As online style enthusiasts, a lot of what we understand about prep comes from Take Ivy, which was originally published in 1965. It quickly became a cult classic and then underwent a lot of online marketing hype leading up to its re-printing in 2010. But unlike Zhang’s project, Take Ivy was never about sociology — it was about marketing. The photographer and filmmaker behind the book were working under the direction of the Japanese clothier VAN Jacket, who wanted real-life examples of Ivy League students wearing their preconceived notions of American campus dress. The whole point of the project was to sell an older version of Ivy Style to Japanese customers who valued authenticity. However, when they arrived, they found most students were dressed quite casually, so they had to be selective about who they photographed. Even still, most of the students featured in the book are dressed down because the authors could only fake it so much.
David Marx, who documents this history in his book Ametora, says there are really two types of authenticity. One is about how things are made (production) and the other is about how the clothes are used (context). “By not being a clothier on an Ivy League campus or Brooks Brothers, VAN Jacket was not an authentic Ivy League company. They made up for this, however, by emphasizing that the garments they made were authentic by a new definition: conforming to the exact specifications of Ivy League garments,” he explains. “This is what Japan contributes to the authenticity debate: not authenticity of context, but the authenticity of the production. And they were able to sell their clothes in Japan by saying, this is a popular style in the U.S. and we make the closest copies to what is available there. Authenticity of context is difficult in a globalized world, and it’s nearly impossible in the US where ‘Ivy League’ style only exists as a canonized set of practices, rather than the organic dress culture of Ivy League students. In our obsession with authenticity — which is key to our taste judgments — we still want authenticity, but the authenticity of context doesn’t really exist anymore. So we’re left with the Japanese version of authenticity — the authenticity of production.”
Prep Has Always Been Multicultural
We’re in the Age of Authenticity, where everyone wants to live an authentic life, eat authentic food, wear authentic clothes, visit authentic places, and vote for authentic politicians. But in menswear, and particularly prep, authenticity can only have meaning in production. The 1950s world of Ivy League campuses is long gone, save for a few bow tie wearers lingering at the Harvard Club in New York City. Most of the style’s adherents came into the look through the internet or a Ralph Lauren store. How many, after all, actual Old Money WASPs with Ivy League degrees do we suspect are reading the blog Ivy Style? On the internet, nobody knows you’re a dog.
The idea that Ivy Style is purely white is also a total invention, probably derived from ‘80s films about teenage struggles and rich dicks. In reality, Ivy has always been multicultural. Its fabrics and styles borrow from around the world: from India, we get madras, seersucker, and the beginnings of the button-down collar; from Indonesia comes batik; from China and the Philippines come khaki chinos; from Ecuador, we get Panama hats. The Jewish pedigree of this quintessentially American style is also undeniable, having been shaped by tailors and clothiers such as J. Press, Chipp, and Ralph Lauren. And while Ivy is most closely associated with the Ivy League schools on the East Coast, it spread West partly with the help of Black jazz musicians. For much of its history, trad was the lingua franca of menswear, worn by people of every political, ethnic, and class background.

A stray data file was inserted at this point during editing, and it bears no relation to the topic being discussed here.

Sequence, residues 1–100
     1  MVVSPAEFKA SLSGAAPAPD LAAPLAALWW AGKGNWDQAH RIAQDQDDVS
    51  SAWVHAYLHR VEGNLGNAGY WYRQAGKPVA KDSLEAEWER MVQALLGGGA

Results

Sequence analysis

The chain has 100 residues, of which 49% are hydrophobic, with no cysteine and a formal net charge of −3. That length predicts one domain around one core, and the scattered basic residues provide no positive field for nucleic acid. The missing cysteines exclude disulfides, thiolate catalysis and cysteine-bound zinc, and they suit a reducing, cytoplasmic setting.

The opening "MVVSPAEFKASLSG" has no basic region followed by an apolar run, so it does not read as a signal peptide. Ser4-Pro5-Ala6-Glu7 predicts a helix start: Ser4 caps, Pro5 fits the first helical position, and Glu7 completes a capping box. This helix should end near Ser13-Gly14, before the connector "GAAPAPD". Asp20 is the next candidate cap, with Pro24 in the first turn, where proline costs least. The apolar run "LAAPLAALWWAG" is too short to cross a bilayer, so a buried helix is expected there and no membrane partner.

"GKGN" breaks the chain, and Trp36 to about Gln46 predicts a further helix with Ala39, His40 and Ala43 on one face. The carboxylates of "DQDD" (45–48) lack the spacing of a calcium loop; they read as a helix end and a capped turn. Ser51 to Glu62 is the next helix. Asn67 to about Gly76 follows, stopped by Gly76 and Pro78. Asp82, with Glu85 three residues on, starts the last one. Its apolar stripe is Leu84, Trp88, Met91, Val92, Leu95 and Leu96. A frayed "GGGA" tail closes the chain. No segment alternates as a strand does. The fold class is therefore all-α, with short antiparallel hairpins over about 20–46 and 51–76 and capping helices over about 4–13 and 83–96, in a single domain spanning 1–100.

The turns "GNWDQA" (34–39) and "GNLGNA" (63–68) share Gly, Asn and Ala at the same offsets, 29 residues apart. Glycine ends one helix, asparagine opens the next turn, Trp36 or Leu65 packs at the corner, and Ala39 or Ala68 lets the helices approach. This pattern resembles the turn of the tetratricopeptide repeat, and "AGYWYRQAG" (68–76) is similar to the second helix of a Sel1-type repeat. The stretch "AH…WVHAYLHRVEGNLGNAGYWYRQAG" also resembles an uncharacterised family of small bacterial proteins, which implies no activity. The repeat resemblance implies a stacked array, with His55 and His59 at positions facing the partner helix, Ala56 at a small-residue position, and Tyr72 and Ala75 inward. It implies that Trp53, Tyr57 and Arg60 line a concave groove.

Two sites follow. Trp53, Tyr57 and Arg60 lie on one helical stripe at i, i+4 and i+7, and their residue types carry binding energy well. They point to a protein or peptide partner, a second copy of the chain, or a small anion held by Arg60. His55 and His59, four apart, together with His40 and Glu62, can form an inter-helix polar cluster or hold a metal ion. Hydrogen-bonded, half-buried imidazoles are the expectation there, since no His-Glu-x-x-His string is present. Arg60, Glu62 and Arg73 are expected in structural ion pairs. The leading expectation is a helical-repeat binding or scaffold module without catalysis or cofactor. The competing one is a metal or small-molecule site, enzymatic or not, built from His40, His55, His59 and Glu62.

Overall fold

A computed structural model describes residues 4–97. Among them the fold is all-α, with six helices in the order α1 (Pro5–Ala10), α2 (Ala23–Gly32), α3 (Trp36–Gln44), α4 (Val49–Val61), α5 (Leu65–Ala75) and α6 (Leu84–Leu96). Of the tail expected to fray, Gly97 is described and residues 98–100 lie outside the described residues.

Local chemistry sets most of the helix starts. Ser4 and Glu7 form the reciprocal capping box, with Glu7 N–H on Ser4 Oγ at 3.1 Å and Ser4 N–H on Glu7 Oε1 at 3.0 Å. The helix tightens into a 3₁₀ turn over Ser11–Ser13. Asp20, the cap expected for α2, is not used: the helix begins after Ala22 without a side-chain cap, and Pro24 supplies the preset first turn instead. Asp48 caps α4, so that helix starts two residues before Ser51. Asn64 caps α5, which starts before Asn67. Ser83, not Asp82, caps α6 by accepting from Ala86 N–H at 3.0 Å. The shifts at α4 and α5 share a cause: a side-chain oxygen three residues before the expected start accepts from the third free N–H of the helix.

Authenticity of production doesn’t have to be a straitjacket, either. Often times, prep gets renewed when someone finds new ways to wear an old item. “The way I think about it, the rugby has its origins in a posh British sport at a posh British school, Rugby. It’s one of the great British schools, like Winchester and St. Paul’s,” says Carlson. “But the rugby shirt also has a whole ‘nother history that often gets ignored. It’s been worn by different people in different ways, such as David Hockney and Mick Jagger. Benetton made rugbys; Tommy Hilfiger once collaborated with Coca Cola on a rugby. In the ‘90s, a lot of hip hop guys wore rugbys. It’s been worn by Tupac, Andre 3000, and Kanye. People who claim it as only for white, upper-class people are inventing history. The rugby is a lot more multicultural in real life.”
Since they opened their pop-up shop (which is now their flagship), Carlson says he’s seen all sorts of people come through the doors — classic menswear guys wearing Drake’s, streetwear heads coming in from Supreme, rappers, athletes, regular ol’ dads, and even the occasional rich preppy who gets dropped off by their driver. Rowing Blazers has become the acceptable face of prep for streetwear guys, and conversely the acceptable face of streetwear for preppies. If we really care about authenticity, shouldn’t the concept extend to people’s identities? Most people are multidimensional and have different interests. Carlson was on the US rowing team, went to Georgetown and then Oxford, and likes preppy clothing. At the same time, he studied ancient Rome and China in college, listens to hip hop, reads HighSnobiety, and follows sneaker drops.
“I think young people are increasingly rejecting the traditional tribes,” he says. “It’s like that Ferris Bueller scene, where Grace says ‘motorheads, geeks, dweebies, dickheads.’ Of course, tribes still exist, but increasingly people can pull from different worlds and find what they like without being defined by whole categories. Dan Fox, who wrote Pretentiousness, calls these people cultural omnivores. I think that term really describes my generation. Maybe someone went to prep school, but they also read Hypebeast. Perhaps they didn’t go to college at all, but love preppy clothes. People are into all sorts of things that you may not expect. And there’s more interest in wearing something if it doesn’t feel like you have to be in a specific club to wear it.”
(Thanks to Jack Carlson and David Marx for talking with me for this post. And while Rowing Blazers is a sponsor on this site, this isn’t a sponsored post. As always, we don’t do that kind of stuff).